Neither Chris nor I want to see any of our kids struggle, so it's very painful to see how hard Nick has to work everyday to reach his goals. We've learned to appreciate and celebrate Nick’s accomplishments no matter how small it may seem to others. The moments that parents of typical kids often take for granted are the moments that we cherish the most. Those moments give us hope. It shows our child is progressing. It's what we pray for.I used to disappear and go upstairs for a cry during our weekend family gatherings, because it was very hard for me to see my child not interacting with our family in the way that I wished he could. I wished that he could interact and entertain our family the same way that his cousin, Joey, who is 2 weeks younger could. It was difficult not to compare or notice their differences. It broke my heart. We all were struggling with his diagnosis, and everything that came with it, in our own way. It's really hard to focus on other things when you're worrying about your child. Somehow we manage. It had become our mission to recover him and help as many others as we can.
At this point in time, Nicholas had started preschool at a typical school with an IEP in an inclusion classroom. He gets about 6 hours of therapy there. ABA, Speech and Language, Physical Therapy, Occupational Therapy, Self Help skills, Yoga, Music Therapy, Art, Gym, Library, Therapy Dog, etc. He loves school and his teachers are amazing with him.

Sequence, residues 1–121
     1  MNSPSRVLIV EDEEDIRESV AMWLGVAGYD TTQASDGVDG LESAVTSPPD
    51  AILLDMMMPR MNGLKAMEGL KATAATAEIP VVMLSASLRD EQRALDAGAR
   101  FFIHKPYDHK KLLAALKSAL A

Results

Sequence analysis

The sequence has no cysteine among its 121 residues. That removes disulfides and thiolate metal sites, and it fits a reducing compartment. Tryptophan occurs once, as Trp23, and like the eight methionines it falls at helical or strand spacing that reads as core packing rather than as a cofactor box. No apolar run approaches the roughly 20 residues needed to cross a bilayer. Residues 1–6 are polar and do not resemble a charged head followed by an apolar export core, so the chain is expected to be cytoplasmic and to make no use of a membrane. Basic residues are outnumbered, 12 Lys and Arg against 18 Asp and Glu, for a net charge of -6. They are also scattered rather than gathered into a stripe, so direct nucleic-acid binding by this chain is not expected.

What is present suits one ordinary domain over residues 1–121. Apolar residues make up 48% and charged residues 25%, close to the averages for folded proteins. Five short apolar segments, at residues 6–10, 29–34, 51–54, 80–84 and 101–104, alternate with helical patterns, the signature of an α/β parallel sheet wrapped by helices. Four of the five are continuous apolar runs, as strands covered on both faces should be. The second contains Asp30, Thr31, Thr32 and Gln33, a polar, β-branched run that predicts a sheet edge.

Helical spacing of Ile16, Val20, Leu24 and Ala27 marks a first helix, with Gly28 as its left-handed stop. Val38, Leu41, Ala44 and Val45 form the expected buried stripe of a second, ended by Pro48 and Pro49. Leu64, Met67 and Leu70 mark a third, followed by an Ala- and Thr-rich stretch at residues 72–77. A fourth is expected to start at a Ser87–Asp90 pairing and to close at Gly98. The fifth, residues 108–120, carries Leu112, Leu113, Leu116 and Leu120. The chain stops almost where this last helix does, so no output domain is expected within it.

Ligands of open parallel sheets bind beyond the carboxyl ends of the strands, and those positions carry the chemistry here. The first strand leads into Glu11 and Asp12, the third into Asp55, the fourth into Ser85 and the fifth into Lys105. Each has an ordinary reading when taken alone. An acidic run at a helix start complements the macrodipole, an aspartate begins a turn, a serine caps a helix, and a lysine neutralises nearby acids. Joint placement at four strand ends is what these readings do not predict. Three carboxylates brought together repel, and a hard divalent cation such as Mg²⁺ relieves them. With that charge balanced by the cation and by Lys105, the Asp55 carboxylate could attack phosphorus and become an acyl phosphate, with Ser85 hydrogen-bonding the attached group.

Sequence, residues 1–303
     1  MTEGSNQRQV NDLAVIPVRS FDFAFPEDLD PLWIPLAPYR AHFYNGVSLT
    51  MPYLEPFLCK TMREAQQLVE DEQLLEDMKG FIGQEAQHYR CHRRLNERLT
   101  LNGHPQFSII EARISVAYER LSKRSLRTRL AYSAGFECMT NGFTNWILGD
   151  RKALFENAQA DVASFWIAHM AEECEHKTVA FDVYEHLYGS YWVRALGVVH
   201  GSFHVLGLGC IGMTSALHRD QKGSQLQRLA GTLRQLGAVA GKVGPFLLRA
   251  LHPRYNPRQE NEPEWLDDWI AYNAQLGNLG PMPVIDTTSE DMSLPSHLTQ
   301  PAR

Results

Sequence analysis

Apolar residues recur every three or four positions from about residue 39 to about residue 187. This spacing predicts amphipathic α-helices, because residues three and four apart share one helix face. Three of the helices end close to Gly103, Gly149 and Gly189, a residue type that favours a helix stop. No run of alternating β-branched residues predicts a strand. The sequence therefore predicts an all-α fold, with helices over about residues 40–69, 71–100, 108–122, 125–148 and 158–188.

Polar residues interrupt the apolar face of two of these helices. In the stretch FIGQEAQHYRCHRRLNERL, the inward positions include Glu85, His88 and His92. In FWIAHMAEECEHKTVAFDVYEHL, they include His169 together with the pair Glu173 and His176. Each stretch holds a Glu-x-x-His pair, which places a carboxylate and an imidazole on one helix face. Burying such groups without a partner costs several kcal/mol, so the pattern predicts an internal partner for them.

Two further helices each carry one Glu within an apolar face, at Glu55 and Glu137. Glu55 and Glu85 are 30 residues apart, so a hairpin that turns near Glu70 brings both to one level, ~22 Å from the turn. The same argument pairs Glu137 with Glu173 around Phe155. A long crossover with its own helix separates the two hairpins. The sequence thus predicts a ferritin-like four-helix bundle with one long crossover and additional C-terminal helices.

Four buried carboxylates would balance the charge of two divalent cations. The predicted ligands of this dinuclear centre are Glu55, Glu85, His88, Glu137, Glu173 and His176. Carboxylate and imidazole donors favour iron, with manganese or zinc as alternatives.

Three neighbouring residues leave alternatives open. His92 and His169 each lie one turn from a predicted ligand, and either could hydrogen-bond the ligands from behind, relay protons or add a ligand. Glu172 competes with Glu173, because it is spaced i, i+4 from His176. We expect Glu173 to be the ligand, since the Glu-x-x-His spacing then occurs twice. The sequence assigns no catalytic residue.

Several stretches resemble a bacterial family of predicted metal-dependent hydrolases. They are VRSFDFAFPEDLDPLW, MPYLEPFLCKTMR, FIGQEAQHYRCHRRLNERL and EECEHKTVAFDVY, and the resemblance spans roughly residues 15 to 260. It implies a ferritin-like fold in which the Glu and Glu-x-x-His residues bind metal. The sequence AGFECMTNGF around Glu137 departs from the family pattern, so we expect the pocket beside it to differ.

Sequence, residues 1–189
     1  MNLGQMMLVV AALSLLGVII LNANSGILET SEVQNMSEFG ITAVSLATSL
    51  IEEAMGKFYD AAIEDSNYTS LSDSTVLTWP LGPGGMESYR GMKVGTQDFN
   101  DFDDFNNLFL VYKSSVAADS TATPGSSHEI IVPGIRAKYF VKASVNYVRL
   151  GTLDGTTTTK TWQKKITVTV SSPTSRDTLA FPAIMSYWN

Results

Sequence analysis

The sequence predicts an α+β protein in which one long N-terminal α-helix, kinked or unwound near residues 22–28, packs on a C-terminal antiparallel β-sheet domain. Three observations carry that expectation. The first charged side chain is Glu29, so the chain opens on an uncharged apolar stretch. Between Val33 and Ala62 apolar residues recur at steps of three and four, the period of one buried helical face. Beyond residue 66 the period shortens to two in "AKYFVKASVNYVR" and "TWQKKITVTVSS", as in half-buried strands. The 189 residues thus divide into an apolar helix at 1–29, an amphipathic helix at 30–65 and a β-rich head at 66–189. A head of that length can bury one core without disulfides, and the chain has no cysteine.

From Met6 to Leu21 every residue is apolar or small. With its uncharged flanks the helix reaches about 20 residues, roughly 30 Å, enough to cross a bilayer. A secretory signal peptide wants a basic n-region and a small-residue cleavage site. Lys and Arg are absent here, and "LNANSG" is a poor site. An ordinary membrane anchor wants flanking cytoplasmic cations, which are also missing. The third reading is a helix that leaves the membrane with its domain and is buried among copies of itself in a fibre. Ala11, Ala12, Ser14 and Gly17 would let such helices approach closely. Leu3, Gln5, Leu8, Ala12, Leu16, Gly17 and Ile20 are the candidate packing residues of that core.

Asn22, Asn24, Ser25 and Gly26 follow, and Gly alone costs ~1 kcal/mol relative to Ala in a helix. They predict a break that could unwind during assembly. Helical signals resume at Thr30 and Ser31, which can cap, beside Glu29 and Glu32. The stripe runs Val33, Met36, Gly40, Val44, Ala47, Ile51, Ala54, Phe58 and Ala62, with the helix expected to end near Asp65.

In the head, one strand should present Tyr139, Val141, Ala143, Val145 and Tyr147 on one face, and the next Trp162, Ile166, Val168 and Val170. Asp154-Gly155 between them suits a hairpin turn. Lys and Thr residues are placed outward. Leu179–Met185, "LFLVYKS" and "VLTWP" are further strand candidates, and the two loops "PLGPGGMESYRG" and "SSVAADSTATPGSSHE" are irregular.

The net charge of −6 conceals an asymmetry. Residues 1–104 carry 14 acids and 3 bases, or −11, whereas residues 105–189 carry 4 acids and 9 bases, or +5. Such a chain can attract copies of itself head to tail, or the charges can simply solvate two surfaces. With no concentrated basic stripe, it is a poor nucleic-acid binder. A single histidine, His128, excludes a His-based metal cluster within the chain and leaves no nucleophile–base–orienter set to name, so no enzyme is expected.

We also have him in after school home therapy programs for 2-3 hours a day. Above and Beyond Learning Group (ABLG) (http://ablg.org/) comes to do ABA (Applied Behavior Analysis) with him. It teaches him compliance. ABA is a very effective therapy for children on the Autism spectrum.We also had been working with a woman by the name of Lisa Gold, who was referred to me by someone whom she had helped with getting their nonverbal child to speak. Lisa refers to her type of therapy as "Naturalized Autism Therapy" (http://www.theautismtherapist.com/#!lisa-b-gold-ma/c1sja). Her ways were less traditional than our other therapists. She has a very different approach that other ABA therapists might not agree with, but I will say that she did believe in our son and taught our family to defy expectations. Lisa was big on parent training! Parent training is a very important piece to your child's recovery. Make sure you ask for it if you're not getting it. She taught us to push our child a little harder and that it was OK to allow him to cry while we wait for him to request. Then, and only then, could we reward him for his efforts with a positive reinforcer that he enjoys. I believe that extra push she taught us, along with the ground work and efforts of his other home therapists, school therapies, and his special diet, helped Nicholas to bring out his first few words after many months of silence and babbling. We are grateful to her for that.